Thoughts after seeing The King’s Speech
I just returned from watching the King’s Speech at the movie theater. I was glad to see that it was still on at Tinseltown and that I didn’t have to watch it at Bossier Corners. No offense to Corners, but that movie needs the big screen and the dignity of digital projection. I can’t wait to see it when it gets to the Robinson Film Center.
I wanted to type out a few thoughts, more to remind myself how great this movie is than to provide any kind of review. I don’t think I have written any movie reviews on this blog or anywhere for a long time, but maybe I should do more reflection. Rather, maybe I just haven’t been to any movies worth writing about in a long time.
As one who speaks publicly, at least once every week, I was drawn to this movie with great interest in how the Duke made King approached his speeches and how it was that he overcame his seemingly massive speech impediment. The draw was not disappointing, as it took me along not just the current problem of George but back to his childhood and the causes that came from the horrible conditions of growing up royal. Yes, even royal sons can have miserable lives. His life was horrible and the film brings this out and reminds us all that all that glitters is not gold.
The relationship between Logue, the Aussie speech therapist, and George (whom he defiantly called Bertie) was beautiful and the film portrayed what it must have been like in as real a way as possible. The tension between Teacher and Student ran throughout the story and will continue to stand out to me as a near-perfect example of the powerful yet always tested bond of friendship. Their relationship involved equality, loyalty, courage, accountability and forgiveness. They were able to accept each other’s faults and shortcomings, thought not without the inevitable times of separation. In the end, each man made the other great and sufficient for their higher callings, especially in such a time as it was.
The depiction of England during Hitler’s mad march for the world was present and the chilling effect of people hearing the sirens of attack and news of the declaration of war was powerful. It was also good to see Churchill (I would have made him more rotund, but at least they kept a cigar in his hand). And the movie shows George watching clips of Hitler’s powerful speeches and hypnotic power of elocution. The cameras take you inside the heart and head of a good king, being reminded by a madman of his inadequacies and impediment.
I also loved seeing the family dynamics at play. The beginning of the movie shows the cold and official relationship between the dying King George and his sons, especially with the younger George, who at the time was Duke of York, behind his older brother Edward VIII in line for the throne. It seems as though the King loves his son, but not enough to show it, even on his deathbed. And there is obviously a strain with the wayward heir to the throne, who is deeply involved with a married woman and a threat to the throne. For all of the dysfunction show here, there is the contrast with the the younger George and his wife. She obviously believes in him and stand by his stammering side with great loyalty and encouragement (she reminds me of someone I know very well, her Royal Comedic Highness). I’m thinking of many a sermon illustration about what it means to be a supportive spouse, never ceasing to love wholeheartedly and bring out that which is within, removing impediments of greatness in the other. And George also deeply loves his two daughters (one of whom is current Queen Elizabeth). He is shown as a loving father, on the floor with them telling stories at bedtime as well as giving them hugs and affection. This is seen most clearly when he hugs and kisses his daughters after nailing his big speech. This was actually the most difficult part of the movie for me, as it snuck up on me and reminded me of a little girl who without fail would run up to me after my sermons and give me a hug and say, “Good job, dada.” I know that feeling and miss those hugs dearly.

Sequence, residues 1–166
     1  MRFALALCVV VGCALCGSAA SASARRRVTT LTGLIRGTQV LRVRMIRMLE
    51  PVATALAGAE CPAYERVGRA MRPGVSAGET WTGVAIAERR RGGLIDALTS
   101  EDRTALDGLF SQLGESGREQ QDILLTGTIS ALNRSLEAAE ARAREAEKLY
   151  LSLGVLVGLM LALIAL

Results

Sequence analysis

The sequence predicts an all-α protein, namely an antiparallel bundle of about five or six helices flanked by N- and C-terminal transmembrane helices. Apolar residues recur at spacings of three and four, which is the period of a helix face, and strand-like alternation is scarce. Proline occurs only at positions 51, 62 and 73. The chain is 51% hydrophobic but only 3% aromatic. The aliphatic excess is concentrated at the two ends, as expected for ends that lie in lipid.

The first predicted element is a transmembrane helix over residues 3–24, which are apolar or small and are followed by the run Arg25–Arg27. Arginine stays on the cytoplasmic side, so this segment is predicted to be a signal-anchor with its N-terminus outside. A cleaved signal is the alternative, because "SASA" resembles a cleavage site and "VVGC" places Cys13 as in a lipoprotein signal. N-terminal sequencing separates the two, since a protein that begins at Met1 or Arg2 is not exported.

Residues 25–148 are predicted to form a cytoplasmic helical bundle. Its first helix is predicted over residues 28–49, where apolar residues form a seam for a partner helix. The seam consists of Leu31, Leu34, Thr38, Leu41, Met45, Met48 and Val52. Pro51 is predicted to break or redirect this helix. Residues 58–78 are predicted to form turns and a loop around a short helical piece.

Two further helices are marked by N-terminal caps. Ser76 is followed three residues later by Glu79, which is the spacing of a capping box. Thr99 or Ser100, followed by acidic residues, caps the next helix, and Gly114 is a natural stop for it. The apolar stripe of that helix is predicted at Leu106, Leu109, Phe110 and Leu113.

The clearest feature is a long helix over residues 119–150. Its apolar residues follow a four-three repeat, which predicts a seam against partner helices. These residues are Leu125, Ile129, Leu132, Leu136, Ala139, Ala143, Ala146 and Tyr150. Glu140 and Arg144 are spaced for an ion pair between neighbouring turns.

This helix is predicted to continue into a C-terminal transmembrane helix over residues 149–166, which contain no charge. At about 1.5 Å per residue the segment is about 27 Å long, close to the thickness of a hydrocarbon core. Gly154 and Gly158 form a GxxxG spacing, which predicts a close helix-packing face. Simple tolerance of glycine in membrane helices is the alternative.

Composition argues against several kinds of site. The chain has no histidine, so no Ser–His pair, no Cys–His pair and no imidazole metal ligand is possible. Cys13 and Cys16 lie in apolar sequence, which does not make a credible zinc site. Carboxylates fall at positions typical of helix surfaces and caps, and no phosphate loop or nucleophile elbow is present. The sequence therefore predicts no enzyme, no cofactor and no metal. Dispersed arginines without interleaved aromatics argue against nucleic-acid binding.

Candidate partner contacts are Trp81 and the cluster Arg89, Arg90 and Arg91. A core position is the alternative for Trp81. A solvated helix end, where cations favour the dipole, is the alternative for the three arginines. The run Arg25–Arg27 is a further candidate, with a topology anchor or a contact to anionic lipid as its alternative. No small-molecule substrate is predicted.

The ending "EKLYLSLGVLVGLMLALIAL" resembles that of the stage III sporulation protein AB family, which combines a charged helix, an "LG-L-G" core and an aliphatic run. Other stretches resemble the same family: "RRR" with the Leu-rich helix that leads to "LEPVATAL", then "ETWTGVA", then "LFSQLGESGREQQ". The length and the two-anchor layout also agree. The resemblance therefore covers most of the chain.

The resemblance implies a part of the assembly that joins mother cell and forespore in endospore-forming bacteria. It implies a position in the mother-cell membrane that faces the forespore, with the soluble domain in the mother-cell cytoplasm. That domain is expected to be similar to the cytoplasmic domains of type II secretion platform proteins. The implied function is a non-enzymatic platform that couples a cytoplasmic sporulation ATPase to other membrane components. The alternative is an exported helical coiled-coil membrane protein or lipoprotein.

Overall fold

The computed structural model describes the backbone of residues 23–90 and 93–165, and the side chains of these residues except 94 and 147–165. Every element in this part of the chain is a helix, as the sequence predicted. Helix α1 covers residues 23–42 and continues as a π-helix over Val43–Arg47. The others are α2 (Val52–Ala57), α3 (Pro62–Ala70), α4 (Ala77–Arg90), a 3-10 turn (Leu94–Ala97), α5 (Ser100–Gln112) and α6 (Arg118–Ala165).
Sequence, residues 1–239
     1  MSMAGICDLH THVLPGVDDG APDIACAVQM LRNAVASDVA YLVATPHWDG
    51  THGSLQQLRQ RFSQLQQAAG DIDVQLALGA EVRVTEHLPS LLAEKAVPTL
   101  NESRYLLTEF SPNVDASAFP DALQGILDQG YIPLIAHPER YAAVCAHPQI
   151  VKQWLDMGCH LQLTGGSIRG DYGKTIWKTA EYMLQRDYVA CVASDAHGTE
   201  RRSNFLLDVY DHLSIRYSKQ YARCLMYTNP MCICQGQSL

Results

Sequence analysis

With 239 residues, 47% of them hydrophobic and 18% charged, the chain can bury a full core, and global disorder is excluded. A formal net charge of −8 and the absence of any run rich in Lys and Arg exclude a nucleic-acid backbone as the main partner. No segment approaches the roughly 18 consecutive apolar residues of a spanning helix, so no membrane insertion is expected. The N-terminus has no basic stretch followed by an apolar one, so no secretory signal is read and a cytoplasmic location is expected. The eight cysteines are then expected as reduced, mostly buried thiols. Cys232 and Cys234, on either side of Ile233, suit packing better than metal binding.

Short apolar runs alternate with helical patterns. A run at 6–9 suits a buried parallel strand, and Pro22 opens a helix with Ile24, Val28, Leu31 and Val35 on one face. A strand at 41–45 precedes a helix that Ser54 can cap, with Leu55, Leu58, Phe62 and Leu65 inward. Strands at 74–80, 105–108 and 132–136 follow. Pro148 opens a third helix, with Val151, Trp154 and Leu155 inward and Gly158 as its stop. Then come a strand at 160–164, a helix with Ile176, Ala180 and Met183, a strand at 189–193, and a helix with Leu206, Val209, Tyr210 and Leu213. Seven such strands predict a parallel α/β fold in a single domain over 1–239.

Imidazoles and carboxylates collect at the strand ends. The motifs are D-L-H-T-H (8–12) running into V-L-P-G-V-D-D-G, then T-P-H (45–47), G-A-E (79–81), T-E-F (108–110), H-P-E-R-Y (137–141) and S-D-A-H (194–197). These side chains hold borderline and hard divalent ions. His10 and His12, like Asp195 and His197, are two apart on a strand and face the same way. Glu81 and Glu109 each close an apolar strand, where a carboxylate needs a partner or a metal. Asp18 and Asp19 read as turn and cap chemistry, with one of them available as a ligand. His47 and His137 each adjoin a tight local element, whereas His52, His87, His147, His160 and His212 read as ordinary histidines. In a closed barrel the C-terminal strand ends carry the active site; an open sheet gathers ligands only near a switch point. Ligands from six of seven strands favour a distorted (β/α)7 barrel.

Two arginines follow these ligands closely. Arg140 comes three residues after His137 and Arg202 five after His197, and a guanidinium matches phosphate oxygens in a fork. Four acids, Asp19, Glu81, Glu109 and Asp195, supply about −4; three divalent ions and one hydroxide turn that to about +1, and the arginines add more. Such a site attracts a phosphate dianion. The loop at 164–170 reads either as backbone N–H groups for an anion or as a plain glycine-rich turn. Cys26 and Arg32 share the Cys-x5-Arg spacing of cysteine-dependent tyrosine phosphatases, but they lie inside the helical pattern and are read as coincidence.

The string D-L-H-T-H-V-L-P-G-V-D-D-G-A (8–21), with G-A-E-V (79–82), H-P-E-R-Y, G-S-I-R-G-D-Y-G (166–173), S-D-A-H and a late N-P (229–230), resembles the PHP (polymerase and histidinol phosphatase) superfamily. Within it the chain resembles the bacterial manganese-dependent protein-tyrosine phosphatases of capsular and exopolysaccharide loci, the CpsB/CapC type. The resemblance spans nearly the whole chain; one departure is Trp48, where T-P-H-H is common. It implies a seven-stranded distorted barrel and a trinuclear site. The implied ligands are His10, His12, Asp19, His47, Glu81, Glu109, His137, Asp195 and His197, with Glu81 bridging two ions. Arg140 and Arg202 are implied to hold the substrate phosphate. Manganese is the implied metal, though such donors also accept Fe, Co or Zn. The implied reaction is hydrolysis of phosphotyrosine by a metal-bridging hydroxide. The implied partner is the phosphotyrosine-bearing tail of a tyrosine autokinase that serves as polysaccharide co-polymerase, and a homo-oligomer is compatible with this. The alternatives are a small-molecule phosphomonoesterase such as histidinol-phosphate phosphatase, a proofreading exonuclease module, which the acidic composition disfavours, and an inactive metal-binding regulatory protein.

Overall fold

The cinematography (or is this referred to as videography these days?) was brilliant, framing the periods in history and capturing the feel and emotion of a nation caught in the fear of Hitler’s rapid movement their way. The shots in Westminster Abbey were the highlight for me, showing the walls, floor and arches so full of history, ones that will talk if you listen.
And, finally, the greatest part was one that left me in much the same state as watching the first three Rocky movies (I quit after 3). It was the long walk down the hallway to the microphone to give the War Speech to his people. Each step was full of anxious tension as everyone in the hallways and rooms along the way understood the potential humiliation before the world and the profound challenge these 3 minutes would be for a stammering king. And then . . .
Well, I won’t spoil (I think I actually did earlier) it if you haven’t seen it and will stop there in the hallway.
I’m sure I will have other thoughts about this great movie in the next several days, but I’ll review these before the Academy Awards. Firth, Rush, and Carter deserve the best the Academy can give.